line and harbor dredging.

Merit-based project selection
would be a fundamental principle of the national Infrastructure Bank.
The Bank would compare projects of different modes, incorporating cost
effectiveness and equity considerations into its decisions.

BANK DESIGN PRINCIPLES

The budget resolution adopted
by Congress includes $2 billion this year and $5 billion next year for
a national Infrastructure Bank. President Obama has outlined broad design
principles on the focus, governance structure, and financing mechanisms
of the Infrastructure Bank. The Obama Administration will work with
Congress to establish specific policies and practices for the Bank. 

  • Sectors for investment:
    Transportation & transportation-affiliated projects.
    The Infrastructure
    Bank should target transportation and transportation-affiliated projects
    that emphasize smart land use, economic development, intermodalism,
    energy conservation, and other priorities of our modern infrastructure
    system. Focusing on cross-modal transportation projects with special
    attention to broader economic and environmental impacts would allow
    for effective targeting of Infrastructure Bank dollars. It would also
    direct funds to high-value projects that are difficult to finance in
    the existing system. As the Infrastructure Bank grows over time, its
    scope could expand to more sectors.
  • Project size:
    Low minimum threshold.
    The Administration proposes a $25 million
    minimum threshold on project size. This relatively low project threshold
    is consistent with the fundamental principle of merit-based selection
    and would allow the Bank to choose the most valuable of a broad array
    of projects. The low threshold would also help make Bank funding accessible
    to all potential applicants, whether large or small, urban or rural. 
  • Governance and
    structure: Independent entity within DOT.
    Political independence
    is critical to the success of an Infrastructure Bank. For this reason,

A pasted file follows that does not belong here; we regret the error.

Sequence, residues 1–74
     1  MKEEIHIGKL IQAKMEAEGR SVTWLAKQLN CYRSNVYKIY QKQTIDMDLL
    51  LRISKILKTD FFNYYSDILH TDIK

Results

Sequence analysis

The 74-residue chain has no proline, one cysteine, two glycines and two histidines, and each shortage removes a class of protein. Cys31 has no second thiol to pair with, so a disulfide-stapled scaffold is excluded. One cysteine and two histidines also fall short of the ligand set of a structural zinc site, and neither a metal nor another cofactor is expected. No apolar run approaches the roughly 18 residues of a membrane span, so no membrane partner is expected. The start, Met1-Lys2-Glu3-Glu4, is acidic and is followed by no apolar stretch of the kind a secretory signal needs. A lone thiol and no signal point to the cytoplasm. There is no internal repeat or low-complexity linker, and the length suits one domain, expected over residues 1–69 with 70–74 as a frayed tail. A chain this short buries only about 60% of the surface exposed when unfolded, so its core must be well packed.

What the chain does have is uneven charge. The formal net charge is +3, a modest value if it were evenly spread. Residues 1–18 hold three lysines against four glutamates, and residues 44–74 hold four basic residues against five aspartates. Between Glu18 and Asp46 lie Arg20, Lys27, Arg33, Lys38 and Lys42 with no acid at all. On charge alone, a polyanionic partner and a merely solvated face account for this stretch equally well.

the Administration proposes that the Bank be housed as an independent
    entity within DOT, consistent with the proposed Bank focus on transportation
    and transportation-affiliated projects. The Bank would be governed by
    a board of non-governmental advisors with proven expertise in infrastructure,
    appointed by the President and confirmed by the Senate.  Similar
    to the role of the IRS Oversight Board, the Bank board would lend expertise
    and insight to project selection, approve final selection decisions,
    and protect the Bank from internal and external political pressures.
  • Financing mechanisms:
    Combination of grants and credit products. 
    A flexible set
    of financing tools would allow the Bank to provide the most appropriate
    form of financing to a given project.  The Administration would
    allow the Bank to offer a combination of grants and credit products
    like direct loans and loan guarantees.  The Administration does
    not support Bank authority to borrow independently from private capital
    markets, since Treasury is the sole entity that borrows on behalf of
    the federal government and can do so more cheaply and efficiently than
    any other entity.
  • I … don’t get the infrastructure bank idea.

    Banks lend money with the expectation that they will be paid back with interest. Lets say I’m a city and I borrow $100m from this bank to build a highway spur or rail line. Both of those operate at a loss. How can they begin to pay back the investment capital, when they’re not even operating at a profit?

  • Where can we find the Administration’s goals beyond the language on the National Infrastructure bank?